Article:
From The Editor

EDITORIALS

It began with one Swedish schoolgirl in a yellow rain jacket and when the Guardian Weekly broke the story of angry schoolkids striking to demand action on climate change, the leitmotif to society was ‘I want you to panic’.Greta...
Actually, Auckland hasn’t belonged to Aucklanders for a long time, probably since a single council bureaucrat in 2007 wiped our City of Sails logo off the slate and Auckland became some sort of golden goose for a New Zealand...
Mercy on us.  A capital gains tax has been proposed for our benighted country and so far, the wrath of Jove has not smitten us from the register of global approval.  Note to opposition leaders, even Stuff calls out...
There are fairly obvious reasons why Theresa May’s Britain is going one way with a Huawei high-speed 5G technology network and New Zealand is going another. And none of them have anything to do with Wellington picking the US...
 Shadow work – not the Jungian dumpster diving into the dark of your own soul which has the same name but the big, insidious hole in our lives when we are, all unknowingly, working for someone else, and for...

Just before the summer, Auckland Council officials descended on the Waiheke Local Board and announced public consultation for Local Parks Management Planning or, as it is now lovingly referred to in official circles, Waiheke’s LPMP.  Specifically, we are being...

Time is precious but we seldom treat it as such unless (like James Bond) we are staring death in the face or having one of those sand-through-the-hourglass epiphanies that can come at the end of a run of –...
By now, even the briefest summer visitor will have noticed that Waiheke has too much traffic for its roads and its public transport isn’t exactly a good fit either. This bursting-at-the-seams atmosphere is a phenomenon in small destinations that...

Welcome to Waiheke. We hope you get to notice the blazing pohutukawa of all sizes around every corner, that masterful castle on the evening sand with a silhouette like a medieval city and the small-scale-ness of our villages and...

In the dappled, welcome shade of one of Waiheke’s most beautiful overhanging pohutukawa, I’m selecting matching stones for a small, slim under-two-year-old to consign to the rising tide with an impressively well-formed overhand style. After which he will trot...

Liz Waters, Editor of The Gulf Newas

About Liz Waters

After a career which started in the newsrooms of the New Zealand Herald and Northern Advocate, Liz Waters and former husband David Waters built the 42-foot ketch Pendragon in Whangarei. They then spent four years sailing her round the world, crossing the Indian Ocean and rounding the Cape of Good Hope.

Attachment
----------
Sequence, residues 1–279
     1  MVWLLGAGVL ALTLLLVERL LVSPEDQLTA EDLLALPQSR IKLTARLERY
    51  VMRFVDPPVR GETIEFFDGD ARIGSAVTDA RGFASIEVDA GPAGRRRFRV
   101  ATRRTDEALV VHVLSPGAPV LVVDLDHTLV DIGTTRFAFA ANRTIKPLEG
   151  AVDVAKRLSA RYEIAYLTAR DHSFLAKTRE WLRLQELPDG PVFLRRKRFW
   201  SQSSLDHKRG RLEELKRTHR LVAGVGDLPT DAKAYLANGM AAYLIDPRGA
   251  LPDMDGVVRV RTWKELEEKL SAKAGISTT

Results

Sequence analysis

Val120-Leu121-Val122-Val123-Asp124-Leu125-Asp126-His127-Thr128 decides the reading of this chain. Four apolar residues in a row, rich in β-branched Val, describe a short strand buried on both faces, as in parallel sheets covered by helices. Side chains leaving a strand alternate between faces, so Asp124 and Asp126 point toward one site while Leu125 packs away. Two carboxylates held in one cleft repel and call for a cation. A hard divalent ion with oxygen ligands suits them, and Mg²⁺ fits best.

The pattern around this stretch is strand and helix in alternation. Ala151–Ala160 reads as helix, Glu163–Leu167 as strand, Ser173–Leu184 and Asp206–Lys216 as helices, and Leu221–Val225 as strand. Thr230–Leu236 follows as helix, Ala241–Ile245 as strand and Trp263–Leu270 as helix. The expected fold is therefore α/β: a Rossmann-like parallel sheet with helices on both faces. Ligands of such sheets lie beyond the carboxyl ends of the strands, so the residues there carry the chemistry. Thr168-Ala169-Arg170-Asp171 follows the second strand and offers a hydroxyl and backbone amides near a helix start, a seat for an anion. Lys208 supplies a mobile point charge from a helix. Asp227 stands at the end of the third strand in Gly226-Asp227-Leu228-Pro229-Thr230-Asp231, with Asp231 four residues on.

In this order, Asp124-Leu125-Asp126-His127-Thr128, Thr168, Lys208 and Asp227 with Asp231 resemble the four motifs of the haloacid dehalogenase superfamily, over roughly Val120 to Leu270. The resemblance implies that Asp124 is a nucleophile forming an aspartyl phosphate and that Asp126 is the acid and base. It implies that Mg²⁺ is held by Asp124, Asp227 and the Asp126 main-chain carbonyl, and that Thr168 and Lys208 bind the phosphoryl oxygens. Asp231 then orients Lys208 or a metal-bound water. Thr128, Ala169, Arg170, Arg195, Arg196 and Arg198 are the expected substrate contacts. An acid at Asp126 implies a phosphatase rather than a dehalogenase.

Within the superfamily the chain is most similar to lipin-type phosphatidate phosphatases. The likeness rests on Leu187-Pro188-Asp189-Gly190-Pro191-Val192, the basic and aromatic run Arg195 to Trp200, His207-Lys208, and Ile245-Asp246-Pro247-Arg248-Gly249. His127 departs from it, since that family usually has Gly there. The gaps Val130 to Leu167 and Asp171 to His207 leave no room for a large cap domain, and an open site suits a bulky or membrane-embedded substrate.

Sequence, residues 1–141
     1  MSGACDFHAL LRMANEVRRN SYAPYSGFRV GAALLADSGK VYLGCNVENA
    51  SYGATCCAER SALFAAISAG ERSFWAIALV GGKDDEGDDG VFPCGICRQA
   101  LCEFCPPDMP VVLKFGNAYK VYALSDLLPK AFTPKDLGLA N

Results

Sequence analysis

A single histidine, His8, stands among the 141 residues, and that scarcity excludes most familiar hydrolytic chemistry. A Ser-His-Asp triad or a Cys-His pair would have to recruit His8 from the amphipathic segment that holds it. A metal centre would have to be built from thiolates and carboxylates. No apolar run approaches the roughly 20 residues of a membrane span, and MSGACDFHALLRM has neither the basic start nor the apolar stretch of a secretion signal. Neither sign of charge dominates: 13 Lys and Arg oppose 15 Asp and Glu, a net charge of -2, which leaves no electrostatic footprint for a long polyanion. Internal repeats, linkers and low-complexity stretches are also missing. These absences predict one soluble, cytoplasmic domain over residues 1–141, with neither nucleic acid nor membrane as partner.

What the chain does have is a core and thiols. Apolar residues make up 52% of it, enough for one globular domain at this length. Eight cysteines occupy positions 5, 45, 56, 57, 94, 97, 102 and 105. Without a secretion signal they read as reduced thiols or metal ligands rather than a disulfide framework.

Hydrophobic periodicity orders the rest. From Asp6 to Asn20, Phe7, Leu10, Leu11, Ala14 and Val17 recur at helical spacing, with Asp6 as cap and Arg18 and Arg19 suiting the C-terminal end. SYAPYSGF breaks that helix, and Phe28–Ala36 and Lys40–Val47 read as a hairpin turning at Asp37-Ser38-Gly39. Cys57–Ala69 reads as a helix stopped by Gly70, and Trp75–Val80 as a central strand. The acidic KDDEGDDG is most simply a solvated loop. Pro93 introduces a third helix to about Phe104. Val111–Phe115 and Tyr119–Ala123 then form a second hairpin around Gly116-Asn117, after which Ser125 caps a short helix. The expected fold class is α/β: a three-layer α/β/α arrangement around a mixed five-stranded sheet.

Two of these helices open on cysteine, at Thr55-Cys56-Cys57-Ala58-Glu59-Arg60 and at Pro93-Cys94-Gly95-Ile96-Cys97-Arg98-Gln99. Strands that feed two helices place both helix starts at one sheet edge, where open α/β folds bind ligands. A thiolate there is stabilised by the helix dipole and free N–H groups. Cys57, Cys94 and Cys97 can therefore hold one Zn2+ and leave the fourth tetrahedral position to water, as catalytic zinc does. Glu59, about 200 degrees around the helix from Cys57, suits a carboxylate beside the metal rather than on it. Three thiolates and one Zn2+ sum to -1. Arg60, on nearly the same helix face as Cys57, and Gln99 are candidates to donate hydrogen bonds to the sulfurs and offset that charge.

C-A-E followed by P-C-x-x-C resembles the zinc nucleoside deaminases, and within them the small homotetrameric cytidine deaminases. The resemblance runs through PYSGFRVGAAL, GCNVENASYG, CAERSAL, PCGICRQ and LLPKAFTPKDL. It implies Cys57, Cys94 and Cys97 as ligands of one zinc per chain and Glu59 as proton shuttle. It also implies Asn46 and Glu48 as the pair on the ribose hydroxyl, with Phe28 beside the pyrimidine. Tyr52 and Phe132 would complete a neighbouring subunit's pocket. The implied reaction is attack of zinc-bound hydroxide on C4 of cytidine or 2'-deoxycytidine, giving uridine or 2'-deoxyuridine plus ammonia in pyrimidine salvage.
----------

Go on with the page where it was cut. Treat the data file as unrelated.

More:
The trip involved four trans-Atlantic crossings, and shore time in such far flung places as St Helena and Bahia in Brazil as well as the West Indies, Bermuda and the Azores and, on the return voyage from Britain, the Panama Canal, the Galápagos Islands and French Polynesia.

They completed the circumnavigation in 1977, restored a derelict sailing scow and, after the birth of the first of their three daughters, bought shares in Waiheke’s newspaper.

Waiheke in the feisty 1980s was their next adventure.

Liz took over sole ownership in 1994 and since then Gulf News has continued its tradition of in-depth, professional reporting on local issues, picking up its fair share of awards along the way.

Liz sees a strong local newspaper that gives in-depth coverage of the issues that affect it’s community as a key factor in helping a region maintain its identity and the engagement of the whole community in its own decision making. 

Staying true to the paper’s long heritage of being driven by journalistic endeavour rather than commercial imperative is something she holds dear.

“We have a job to do. That is what we owe people and that is what we offer advertisers – a newspaper that is a must read in the community because it canvases all those issues that are important to people who live here.”

As with any newspaper, she says, “ you’re only as good as last week’s issue”.

Liz’s love of sailing continues with the 32-foot classic Woollacott boat that she bought as a derelict hull and restored eight years ago.